How does air conditioning contribute to global warming? What can we do to curb the rise in CO2 emissions resulting from air conditioning technology?
As the planet warms, the use of cooling technology will increase. According to Bill Gates, the demand for air conditioning will triple by 2050, which means carbon emissions will also triple unless we step in to offset the damage.
Here are some potential solutions Gates suggests for curbing air conditioning’s carbon footprint.
Curbing Air Conditioning Emissions
The global demand for air conditioning increases as wealth increases in emerging economies and extreme heat becomes more dangerous. Ironically, the more the planet warms, the more air conditioning people will use, further exacerbating global warming (this is another reason Gates stresses the need for carbon-less electricity).
Efficiency can help curb emissions in the heating and cooling category. Gates estimates that emissions from air conditioners could be reduced by half if people purchased the most efficient models available. Additionally, since most furnaces and water heaters currently run on fossil fuels, Gates suggests switching to electric heat pumps as another way to increase efficiency and reduce emissions. However, since a new furnace or water heater is an expensive and infrequent purchase, he notes that this large-scale switch is likely to take a long time without compelling consumer incentives.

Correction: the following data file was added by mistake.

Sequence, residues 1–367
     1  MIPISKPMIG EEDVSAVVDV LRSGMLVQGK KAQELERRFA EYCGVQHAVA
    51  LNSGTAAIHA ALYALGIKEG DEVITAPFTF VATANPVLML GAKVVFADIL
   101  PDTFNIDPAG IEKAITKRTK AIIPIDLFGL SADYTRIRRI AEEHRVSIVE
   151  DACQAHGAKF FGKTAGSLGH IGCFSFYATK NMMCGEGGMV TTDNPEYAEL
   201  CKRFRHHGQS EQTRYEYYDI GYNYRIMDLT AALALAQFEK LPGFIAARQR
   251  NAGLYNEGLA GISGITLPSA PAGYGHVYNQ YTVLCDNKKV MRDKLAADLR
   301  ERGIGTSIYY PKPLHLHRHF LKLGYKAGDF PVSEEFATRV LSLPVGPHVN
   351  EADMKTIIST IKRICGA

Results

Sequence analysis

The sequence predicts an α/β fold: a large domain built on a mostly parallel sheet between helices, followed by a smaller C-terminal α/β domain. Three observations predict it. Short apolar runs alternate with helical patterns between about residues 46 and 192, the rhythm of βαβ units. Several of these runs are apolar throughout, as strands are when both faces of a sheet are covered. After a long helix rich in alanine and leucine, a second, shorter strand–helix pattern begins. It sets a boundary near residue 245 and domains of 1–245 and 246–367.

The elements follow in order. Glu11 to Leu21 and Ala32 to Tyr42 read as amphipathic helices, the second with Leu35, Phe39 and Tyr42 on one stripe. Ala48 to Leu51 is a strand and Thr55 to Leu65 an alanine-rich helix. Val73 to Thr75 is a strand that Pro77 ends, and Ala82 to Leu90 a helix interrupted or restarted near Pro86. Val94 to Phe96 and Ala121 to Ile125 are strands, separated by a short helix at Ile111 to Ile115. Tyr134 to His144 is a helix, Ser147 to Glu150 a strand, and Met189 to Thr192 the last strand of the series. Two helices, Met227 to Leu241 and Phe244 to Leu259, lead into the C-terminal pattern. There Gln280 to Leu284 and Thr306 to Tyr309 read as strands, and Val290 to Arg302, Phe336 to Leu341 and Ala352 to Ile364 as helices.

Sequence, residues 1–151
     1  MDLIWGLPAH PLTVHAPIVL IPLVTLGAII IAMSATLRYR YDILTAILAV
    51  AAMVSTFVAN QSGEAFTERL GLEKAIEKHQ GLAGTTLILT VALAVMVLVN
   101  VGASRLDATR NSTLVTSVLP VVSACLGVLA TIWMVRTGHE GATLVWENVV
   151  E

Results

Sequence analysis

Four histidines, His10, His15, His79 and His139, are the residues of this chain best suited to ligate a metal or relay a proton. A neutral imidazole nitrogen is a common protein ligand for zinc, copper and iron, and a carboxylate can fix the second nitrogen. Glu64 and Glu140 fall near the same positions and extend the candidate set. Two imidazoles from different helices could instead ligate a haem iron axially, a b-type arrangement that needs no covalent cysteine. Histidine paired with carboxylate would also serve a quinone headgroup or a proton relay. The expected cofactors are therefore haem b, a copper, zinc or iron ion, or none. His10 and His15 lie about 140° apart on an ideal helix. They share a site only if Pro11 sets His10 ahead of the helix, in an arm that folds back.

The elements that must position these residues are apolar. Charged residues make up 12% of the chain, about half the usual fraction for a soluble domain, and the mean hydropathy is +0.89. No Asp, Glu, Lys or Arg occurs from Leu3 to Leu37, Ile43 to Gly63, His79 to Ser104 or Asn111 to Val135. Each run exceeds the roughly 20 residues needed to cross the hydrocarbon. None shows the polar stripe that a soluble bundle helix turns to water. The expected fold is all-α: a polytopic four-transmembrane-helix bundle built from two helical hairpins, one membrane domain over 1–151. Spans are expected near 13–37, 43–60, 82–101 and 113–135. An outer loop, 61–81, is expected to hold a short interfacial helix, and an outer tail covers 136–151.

Achieving Cooler Living Spaces
The International Energy Agency calls the rising global demand for air conditioning one of the most critical blind spots in today’s energy debate. Without major innovations in cooling technology, even if consumers purchased the most efficient air conditioners on the market, as Gates suggests, air conditioning emissions alone could raise the global temperature by half a degree Celsius by 2100.
Technology companies worldwide are working on cooling technology innovations in the hopes of curbing air conditioning’s carbon footprint. But many cities are also taking steps to keep temperatures liveable even for those without access to air conditioning by incorporating more plants into urban spaces. While it takes a considerable amount of vegetation to accomplish, planting green roofs and green corridors among buildings can reduce urban temperatures by up to 5 degrees Celsius without any additional air conditioning!